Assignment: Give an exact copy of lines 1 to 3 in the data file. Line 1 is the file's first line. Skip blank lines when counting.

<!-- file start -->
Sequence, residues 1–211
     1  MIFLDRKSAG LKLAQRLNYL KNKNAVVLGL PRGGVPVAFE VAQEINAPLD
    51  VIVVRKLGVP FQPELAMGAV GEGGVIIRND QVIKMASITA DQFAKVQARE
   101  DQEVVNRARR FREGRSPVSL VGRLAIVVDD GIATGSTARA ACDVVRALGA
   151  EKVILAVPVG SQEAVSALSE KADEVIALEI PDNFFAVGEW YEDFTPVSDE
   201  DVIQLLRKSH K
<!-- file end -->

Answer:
Sequence, residues 1–211
     1  MIFLDRKSAG LKLAQRLNYL KNKNAVVLGL PRGGVPVAFE VAQEINAPLD
    51  VIVVRKLGVP FQPELAMGAV GEGGVIIRND QVIKMASITA DQFAKVQARE